Statistical models

This study makes use of a comprehensive collection of panel data models, with the subscripts i and t indicating country and year, respectively. The most general model includes a country-specific quadratic trend (t, t2), an individual specific time-invariant component, αi, a common time-variant component, λt, and a set of observed variables potentially affecting crop yield, included in the vector Xit. This specification, in which yit represents the logarithm of crop yield and εit represents a random disturbance, reads as follows:

$$y_{it} = \alpha _i + \lambda _t + \rho _{1i}t + \rho _{2i}t^2 + {{{\bf{\upbeta}}{\bf{X}}}}_{it} + \varepsilon _{it}$$
(1)

where β and ρ are the related set of paramaters. In the second-most general model, the common time-variant component, λt, is dropped so that:

$$y_{it} = \alpha _i + \rho _{1i}t + \rho _{2i}t^2 + {{{\bf{\upbeta}} {\bf{X}}}}_{it} + \varepsilon _{it}$$
(2)

while by dropping the country-specific quadratic trend and reinserting the common time-variant component, λt, one obtains:

$$y_{it} = \alpha _i + \lambda _t + {{{\bf{\upbeta}} {\bf{X}}}}_{it} + \varepsilon _{it}$$
(3)

It is worth noting that the coefficients of the quadratic time trends are allowed to differ across countries, while the coefficients of all other components are assumed to be constant across countries11. By including country-specific time trends, we aim to account for factors such as technological advance or other time-varying features that could possibly influence crop productivities. We capture country-based unobserved effects by estimating models using either fixed effects or random effects; the choice between the two is based on the Hausman test. In the case of soybeans, omitted variable bias is absorbed by estimating the model in first differences. A global trend is included in this case, instead of a country-specific trend, based on the relative fit of the model. We also estimated models pooling the dataset and providing estimates based on country-specific averages across time (individual between estimator) or time-specific averages across countries (time effects between estimator).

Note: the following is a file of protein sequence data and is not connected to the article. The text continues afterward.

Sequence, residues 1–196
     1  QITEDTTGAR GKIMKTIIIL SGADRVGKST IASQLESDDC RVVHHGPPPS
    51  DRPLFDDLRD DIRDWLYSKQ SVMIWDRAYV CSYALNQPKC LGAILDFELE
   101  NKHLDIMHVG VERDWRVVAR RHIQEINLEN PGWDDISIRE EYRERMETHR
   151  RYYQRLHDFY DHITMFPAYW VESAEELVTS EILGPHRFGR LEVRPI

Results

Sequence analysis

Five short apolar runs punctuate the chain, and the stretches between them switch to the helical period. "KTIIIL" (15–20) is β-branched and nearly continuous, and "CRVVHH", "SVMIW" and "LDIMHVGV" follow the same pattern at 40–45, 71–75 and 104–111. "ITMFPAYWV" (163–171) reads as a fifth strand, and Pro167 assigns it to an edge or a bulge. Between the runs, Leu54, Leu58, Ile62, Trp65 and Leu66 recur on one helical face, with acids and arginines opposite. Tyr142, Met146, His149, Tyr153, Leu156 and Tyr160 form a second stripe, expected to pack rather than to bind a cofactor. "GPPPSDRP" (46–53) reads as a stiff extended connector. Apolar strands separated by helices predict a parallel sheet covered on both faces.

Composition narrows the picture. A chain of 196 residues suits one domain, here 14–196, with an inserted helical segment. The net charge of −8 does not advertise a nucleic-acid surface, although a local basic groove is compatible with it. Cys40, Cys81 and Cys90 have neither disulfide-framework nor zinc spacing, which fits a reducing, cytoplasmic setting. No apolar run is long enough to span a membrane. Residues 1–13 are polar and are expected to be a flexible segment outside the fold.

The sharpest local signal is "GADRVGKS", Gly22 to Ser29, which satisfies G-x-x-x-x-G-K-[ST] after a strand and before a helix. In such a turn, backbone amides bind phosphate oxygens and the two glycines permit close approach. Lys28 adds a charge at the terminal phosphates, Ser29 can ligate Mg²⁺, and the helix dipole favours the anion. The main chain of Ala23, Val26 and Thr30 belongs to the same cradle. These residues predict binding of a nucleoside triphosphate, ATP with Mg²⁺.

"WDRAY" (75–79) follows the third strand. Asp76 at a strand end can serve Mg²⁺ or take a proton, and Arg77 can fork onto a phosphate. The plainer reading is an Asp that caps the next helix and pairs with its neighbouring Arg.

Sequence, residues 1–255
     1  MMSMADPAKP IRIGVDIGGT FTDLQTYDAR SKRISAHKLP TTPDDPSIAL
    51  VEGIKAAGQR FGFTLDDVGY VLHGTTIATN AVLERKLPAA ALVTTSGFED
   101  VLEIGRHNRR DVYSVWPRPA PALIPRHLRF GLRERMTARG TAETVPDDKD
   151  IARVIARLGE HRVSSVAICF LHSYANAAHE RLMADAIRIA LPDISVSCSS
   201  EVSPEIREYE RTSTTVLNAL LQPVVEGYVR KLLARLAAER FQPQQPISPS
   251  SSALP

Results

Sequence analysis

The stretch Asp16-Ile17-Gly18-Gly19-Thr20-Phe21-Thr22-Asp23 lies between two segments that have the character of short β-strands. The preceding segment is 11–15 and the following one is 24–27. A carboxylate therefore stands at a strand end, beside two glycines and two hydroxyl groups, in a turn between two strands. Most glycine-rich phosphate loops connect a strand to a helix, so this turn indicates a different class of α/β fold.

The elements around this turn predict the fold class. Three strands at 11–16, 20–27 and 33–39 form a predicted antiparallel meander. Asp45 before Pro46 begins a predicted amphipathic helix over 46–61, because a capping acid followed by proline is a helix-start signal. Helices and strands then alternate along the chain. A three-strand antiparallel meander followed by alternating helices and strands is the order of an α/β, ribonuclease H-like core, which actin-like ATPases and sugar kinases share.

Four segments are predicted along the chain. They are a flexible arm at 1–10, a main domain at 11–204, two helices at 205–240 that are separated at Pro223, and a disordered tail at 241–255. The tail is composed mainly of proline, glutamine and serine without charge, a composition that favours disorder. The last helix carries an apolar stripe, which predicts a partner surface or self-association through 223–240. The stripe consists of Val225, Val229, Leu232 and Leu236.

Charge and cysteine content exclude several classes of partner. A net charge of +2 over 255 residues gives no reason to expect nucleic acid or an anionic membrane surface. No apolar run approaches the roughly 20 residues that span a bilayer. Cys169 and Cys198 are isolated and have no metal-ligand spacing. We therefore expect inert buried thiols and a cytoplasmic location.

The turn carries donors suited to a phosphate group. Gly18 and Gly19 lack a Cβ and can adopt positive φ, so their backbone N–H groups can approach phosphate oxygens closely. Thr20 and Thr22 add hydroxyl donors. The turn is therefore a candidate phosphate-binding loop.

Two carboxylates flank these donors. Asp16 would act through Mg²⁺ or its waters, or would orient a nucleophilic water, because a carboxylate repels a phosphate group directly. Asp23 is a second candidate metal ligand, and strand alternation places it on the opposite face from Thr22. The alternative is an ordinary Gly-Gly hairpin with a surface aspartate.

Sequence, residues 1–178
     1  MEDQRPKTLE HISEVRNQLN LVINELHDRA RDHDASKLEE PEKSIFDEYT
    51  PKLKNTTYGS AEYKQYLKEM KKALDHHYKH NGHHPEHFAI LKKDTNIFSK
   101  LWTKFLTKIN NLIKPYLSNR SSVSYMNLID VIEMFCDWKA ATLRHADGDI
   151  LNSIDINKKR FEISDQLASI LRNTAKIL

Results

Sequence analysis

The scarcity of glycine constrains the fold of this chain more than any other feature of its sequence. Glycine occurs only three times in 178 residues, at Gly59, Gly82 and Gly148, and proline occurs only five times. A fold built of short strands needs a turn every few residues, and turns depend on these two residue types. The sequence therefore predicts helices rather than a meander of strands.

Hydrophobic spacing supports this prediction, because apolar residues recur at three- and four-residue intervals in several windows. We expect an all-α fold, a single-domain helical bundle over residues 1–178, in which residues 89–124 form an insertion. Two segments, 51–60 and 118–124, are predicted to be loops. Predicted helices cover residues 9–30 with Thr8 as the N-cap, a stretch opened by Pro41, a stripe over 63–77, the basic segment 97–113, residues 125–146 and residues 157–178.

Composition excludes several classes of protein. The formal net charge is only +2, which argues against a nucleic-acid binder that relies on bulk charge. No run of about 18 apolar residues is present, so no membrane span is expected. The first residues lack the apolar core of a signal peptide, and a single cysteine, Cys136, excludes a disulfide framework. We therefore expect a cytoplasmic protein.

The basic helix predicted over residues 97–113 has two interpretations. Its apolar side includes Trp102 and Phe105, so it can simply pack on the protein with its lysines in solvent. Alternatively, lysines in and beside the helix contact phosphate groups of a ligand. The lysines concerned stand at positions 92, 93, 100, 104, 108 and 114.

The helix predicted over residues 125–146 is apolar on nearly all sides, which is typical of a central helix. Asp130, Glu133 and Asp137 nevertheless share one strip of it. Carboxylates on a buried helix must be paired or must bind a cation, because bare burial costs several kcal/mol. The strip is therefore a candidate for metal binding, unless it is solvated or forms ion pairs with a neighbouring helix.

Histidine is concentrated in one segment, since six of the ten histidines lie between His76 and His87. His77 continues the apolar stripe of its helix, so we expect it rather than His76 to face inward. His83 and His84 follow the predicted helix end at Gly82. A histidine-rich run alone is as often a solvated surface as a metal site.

Set of explanatory variables

In our analysis of the impact of weather factors and management practices on crop yield, the most general set of control variables, \({\mathbf{X}}_{it}^1\), includes:

  1. 1.

    temperature and precipitation incorporated in both their levels and their squared terms11;

  2. 2.

    an indicator of the extent to which irrigation is deployed in the whole agricultural sector, with the indicator taking a value equal to one for countries with more than 10% of their agricultural area being irrigated and a value equal to zero otherwise. This indicator is interacted with the linear terms of the weather variables, so that temperature and precipitation are allowed to have a different optimal value in countries making extensive use of irrigation;

  3. 3.